In fact, my other friends were nothing like Lucia, although maybe they too chased men like the neurotic handsome Henry.  I wondered which of Lucia's many photos Henry had seen—she had hundreds of pictures of her younger glamorous self.  But with men, who knows?
Soon after, Lucia's new online identity was born.  With considerable artistry, Lucia digitally manipulated the famous Pre-Raphaelite painting by the artist Dante Gabriel Rossetti – its actual title is La Mandolinata.  Lucia was now Mandolinata, an exquisite beauty with long wavy hair and soulful eyes.

Mandolinata described herself as a “spirit girl”—a student of Wicca and the occult.  She was intent upon exploring her deeply spiritual voyage with a man who, like her, longed for freedom, longed to explore his inner self.  Mandolinata lived in a remote part of upstate New York, not far from Olana, as it happened. I wondered how many hours had been wasted on this silly invention, and to what end? 

 I asked, "What kind of man would want a woman like Mandolinata? I mean, the name alone."
“Thousands,” was Lucia’s answer. “They want to join her on her spiritual journey, they want to climb mountains—she’s the girl of their dreams.”  Lucia cracked up as she read the e-mails: "Oh, spirit girl, I must meet you!"—that was the general theme.

Of course, it was not thousands that Lucia cared about.  It was only one.  And sure enough, Henry Oliver took the bait.  Lucia had judged her man correctly. Mandolinata was the spirit girl of Henry Oliver's dreams, too.This was when I expected Lucia to reveal all and teach Henry a good lesson.  That's the romantic storyline that I imagined.  Henry would lament his shallowness.  He and Lucia would have their date.  She would wear a beautifully tailored suit.  They would drink martinis, maybe at the Carlyle, jazz piano playing softly in the background.  They would laugh at their middle-aged follies.

But Lucia had a different plot in mind.  She started to write to Henry as Mandolinata. Their second online correspondence was more intense than the first, but with a twist. Lucia Forrest by this time knew exactly what would excite Henry’s imagination.  So the tale of Mandolinata was tinged with a sense of the Gothic. Lucia read me some of it:

"I spent my early years on one of the remote islands in the Gulf of Maine-- we were completely cut off from the modern world.  The island's beaches were solitary and rocky. I often walked hours without seeing a soul. My father was a boat-maker, well-known for his designs.  My mother taught me how to play the mandolin, read me the poetry of William Blake, and introduced me to the ancient ways of white witchcraft. I remember her sweet voice. But then, for reasons that no one understands, my father drowned my sweet-voiced mother at sea.  Terrified, I escaped from the island, helped by a kind fisherman and his wife.  I now live alone. I can only speak to you when I meet you- please understand."

She paused.  "I think I got everything in there -- the mandolin, Blake, boat-making, even witchcraft."
"Hmm," I said, "Isn’t it a bit much?  I mean, he's a clever man, he's got to know this is a joke."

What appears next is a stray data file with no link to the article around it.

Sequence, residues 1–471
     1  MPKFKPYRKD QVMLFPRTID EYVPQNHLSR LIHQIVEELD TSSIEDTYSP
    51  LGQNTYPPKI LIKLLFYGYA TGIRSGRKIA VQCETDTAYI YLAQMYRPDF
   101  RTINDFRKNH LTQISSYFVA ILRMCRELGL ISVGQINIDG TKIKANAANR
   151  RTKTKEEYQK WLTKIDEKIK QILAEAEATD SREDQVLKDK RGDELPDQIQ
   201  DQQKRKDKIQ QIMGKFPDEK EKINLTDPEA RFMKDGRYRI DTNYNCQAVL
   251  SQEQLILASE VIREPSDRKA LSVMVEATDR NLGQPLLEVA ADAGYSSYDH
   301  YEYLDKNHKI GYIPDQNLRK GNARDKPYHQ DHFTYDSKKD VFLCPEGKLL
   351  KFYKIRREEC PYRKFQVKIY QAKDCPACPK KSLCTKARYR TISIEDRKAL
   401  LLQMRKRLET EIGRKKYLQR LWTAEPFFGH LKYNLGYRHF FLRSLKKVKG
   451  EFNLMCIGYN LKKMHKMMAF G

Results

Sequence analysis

Although come to think of it, I had no evidence that Henry was clever.  In fact, given his interests in modern witchcraft and now, spirit girls, he probably was not.  Lucia shrugged, as if to agree with my thoughts.

Inevitably, Lucia/Mandolinata probed Henry's romantic history-- was she Henry's first cyber-love?  And so, Henry described his "callous" deception of Lucia.  Now that Mandolinata had made Henry "a better man," he confessed he had never intended to meet Lucia at Olana.  At Mandolinata’s insistence, Henry wrote Lucia a hand-written apology on lovely parchment paper.

“Not bad, surprisingly grammatical,” Lucia said, after she read the letter to me.
"So, he screwed up, so what? If you told him the truth, you'd be even," I argued, frustrated with this revenge theme. "A neurotic man is bound to screw up at some point." But I guess I do not understand high style -- and I should have remembered, no one ever takes advice.

The elaborate charade continued.  Now, the spirit girl and Henry arranged a meeting at the Algonquin Bar, after which they would spend a magical evening in Manhattan.  This time, according to his e-mails, Henry arrived early and waited hours.  Naturally, Mandolinata did not show up – and she vanished. Tired of the time-consuming game, Lucia had deleted Mandolinata's profile. Henry Oliver now bored Lucia, although, interestingly, he had moved to New York.  

Lucia rattled off her accomplishments: Henry had been punished, he had apologized to Lucia, and he had told the truth about what happened at Olana, or what Lucia imagined was the truth.  My own opinion of Olana differed, but I kept it to myself. Lucia joked about Henry’s yearnings for his imaginary spirit girl.  "You have to admit, Mandolinata is far more interesting than Henry, especially after her vanishing act."
"I guess so, but deception's not my style," I said.

Months later, I returned to the Algonquin Bar to meet a client—my first visit since my encounter with Lucia and the Tarot woman.  I checked off what had happened.  Yes, I won a business contract, and to my amusement, my client was Pakistani. Lucia Forrest's digital spirit girl might be considered a new venture --it certainly had involved a computer. And, in a sense, I suppose it was fair to say that Mandolinata came from a “strange place.”  Perhaps, the Tarot cards had been in touch with something, after all.

Just then, I noticed the pretty Tarot woman sitting with a dark-eyed handsome man.  Now, I did pay attention. It was not a card reading.  Two glasses of white wine were on the table.  The man gazed at the Tarot woman, clasped her hand, and smiled.  Today, she wore pearl earrings and a tailored dove grey jacket.  It was only a matter of seconds before I recognized the man as Henry Oliver.  I looked at the pretty Tarot woman with her long wavy hair and her beautiful eyes. For all I know, her name really could be Mandolinata.